February 28, 2010

Societies in Transition

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Available on iTunesU. I could not find a course website.

This is a series of 8 anthropology lectures on the topic Socities in Transition recorded at Linacre College, Oxford University during early 2009. Each podcast is just under an hour and audio only (occasional mention is made of slides). Each lecture is given by a different presenter. All are fairly academic in nature (a couple are quite dry and I found it hard to maintain concentration), but are still accessible to the non-expert. These lectures are not straight history, there is little discussion of historical events. Instead each podcast presents current research on the process of social transition during a notable period of history. They often provide an interesting snapshot (or at least intriguing tidbits) of life around the time of the transition.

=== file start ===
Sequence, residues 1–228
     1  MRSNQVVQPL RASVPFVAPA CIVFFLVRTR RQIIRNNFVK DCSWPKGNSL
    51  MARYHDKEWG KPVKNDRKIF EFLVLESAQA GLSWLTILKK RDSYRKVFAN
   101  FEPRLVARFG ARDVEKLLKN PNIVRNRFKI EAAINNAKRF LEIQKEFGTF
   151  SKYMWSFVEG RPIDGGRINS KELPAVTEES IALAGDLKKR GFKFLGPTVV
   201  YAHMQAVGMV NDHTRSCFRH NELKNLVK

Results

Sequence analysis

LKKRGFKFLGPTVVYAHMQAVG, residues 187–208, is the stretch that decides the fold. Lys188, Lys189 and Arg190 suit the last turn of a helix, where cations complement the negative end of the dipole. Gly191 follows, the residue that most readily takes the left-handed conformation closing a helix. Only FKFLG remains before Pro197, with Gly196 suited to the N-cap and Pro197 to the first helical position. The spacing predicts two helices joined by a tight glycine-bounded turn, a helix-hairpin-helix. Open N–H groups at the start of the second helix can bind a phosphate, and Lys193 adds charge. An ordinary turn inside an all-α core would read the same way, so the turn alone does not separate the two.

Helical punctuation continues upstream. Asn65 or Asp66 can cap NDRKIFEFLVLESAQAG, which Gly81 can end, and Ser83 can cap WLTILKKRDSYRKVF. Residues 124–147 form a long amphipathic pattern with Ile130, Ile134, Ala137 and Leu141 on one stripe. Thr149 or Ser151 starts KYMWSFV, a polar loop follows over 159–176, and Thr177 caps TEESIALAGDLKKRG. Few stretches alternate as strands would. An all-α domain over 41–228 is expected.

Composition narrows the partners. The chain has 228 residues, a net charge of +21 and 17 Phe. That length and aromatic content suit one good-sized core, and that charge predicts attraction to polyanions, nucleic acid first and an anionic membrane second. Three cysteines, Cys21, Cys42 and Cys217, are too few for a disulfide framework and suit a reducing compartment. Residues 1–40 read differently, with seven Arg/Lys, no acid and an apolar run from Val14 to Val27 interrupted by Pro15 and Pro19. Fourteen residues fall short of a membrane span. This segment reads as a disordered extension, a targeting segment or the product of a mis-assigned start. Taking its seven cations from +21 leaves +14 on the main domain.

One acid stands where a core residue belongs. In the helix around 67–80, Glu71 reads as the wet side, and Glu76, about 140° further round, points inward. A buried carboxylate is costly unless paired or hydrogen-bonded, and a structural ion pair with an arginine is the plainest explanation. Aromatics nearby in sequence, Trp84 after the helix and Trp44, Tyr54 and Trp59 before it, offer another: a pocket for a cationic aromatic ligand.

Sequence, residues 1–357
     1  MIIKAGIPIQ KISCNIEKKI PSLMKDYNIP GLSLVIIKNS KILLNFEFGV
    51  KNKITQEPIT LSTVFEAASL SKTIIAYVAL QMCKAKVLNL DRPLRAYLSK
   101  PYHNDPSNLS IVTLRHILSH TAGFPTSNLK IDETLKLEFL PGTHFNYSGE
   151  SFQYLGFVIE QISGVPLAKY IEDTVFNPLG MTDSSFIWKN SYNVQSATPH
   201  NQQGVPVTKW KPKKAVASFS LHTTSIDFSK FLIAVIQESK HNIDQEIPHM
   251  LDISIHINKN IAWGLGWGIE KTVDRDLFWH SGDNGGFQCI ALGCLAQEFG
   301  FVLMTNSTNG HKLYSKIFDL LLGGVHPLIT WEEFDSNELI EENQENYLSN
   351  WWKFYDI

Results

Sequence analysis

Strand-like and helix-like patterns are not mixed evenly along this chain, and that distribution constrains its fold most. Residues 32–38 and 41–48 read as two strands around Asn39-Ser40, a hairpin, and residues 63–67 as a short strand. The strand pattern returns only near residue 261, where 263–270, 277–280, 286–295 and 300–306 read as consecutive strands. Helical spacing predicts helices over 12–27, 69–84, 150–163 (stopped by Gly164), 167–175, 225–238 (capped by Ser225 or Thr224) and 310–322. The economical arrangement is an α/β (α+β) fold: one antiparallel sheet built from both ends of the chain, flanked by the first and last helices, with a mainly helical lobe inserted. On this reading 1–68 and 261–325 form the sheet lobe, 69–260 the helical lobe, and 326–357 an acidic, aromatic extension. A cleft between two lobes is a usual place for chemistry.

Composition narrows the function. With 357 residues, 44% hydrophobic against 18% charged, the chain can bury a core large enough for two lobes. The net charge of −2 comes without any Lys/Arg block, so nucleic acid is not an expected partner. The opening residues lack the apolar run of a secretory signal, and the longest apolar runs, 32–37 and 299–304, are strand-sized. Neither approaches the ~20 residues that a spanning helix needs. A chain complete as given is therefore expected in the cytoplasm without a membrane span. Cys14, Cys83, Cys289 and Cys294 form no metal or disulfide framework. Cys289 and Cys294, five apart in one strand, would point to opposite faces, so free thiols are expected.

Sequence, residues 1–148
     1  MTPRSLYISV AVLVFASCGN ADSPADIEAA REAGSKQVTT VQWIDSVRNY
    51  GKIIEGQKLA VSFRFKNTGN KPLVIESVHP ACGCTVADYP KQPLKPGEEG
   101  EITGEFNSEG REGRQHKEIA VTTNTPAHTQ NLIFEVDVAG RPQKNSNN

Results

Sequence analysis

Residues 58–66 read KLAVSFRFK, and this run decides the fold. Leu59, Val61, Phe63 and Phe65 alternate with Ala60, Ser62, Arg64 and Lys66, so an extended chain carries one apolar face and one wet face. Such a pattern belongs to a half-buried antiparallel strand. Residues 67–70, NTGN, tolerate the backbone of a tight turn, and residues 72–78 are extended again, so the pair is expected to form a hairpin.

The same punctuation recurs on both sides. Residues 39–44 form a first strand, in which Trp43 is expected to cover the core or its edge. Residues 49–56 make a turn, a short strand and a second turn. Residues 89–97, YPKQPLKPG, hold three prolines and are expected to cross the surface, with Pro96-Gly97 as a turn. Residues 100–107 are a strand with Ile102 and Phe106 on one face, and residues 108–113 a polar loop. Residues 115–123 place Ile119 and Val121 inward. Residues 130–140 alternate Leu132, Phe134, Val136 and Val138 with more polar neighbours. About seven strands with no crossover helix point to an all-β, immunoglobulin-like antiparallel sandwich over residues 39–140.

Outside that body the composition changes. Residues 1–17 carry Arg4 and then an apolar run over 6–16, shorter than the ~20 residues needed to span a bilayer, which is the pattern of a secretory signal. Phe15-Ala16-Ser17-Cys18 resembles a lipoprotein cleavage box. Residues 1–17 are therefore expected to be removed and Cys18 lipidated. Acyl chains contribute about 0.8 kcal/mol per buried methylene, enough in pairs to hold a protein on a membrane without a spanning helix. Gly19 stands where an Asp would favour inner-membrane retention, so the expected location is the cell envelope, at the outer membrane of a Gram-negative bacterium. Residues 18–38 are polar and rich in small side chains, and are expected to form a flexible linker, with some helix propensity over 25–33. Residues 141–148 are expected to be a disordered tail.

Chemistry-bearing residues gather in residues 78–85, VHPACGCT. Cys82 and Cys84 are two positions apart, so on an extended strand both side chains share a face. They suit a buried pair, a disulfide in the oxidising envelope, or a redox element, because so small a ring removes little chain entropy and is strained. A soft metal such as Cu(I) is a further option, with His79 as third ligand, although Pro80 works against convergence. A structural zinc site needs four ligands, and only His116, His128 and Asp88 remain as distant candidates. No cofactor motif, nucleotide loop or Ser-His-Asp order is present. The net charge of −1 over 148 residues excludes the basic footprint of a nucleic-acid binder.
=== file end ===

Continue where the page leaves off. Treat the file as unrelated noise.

The lectures are in chronological order, spanning the entirity of human history – and beyond. The first lecture is on the Neanderthals – their slow extinction and modern discovery. The next lecture deals with the spread of farming in South East Asia. Then follows an interesting lecture on the spread of metallurgy in the Bronze Age and what the metals meant to society at different times and places. Another interesting lecture details attempts to date and size the volcanic explosion at Thera (now Santorini). From this research the presenter trys to match up the likely effects with events and history in the region (mainly the Minoan society on Crete). The next two lectures are respectively on the beginning and end of Roman rule in Britain. Apparently the collapse of the British economy after the Romans left was particularly swift – previously common pottery and coins disappeared almost overnight and buildings quickly fell into disrepair. The last two lectures are on more modern topics – the industrial and the current information revolutions.

Worth a listen for background information on the timeperiods discussed.

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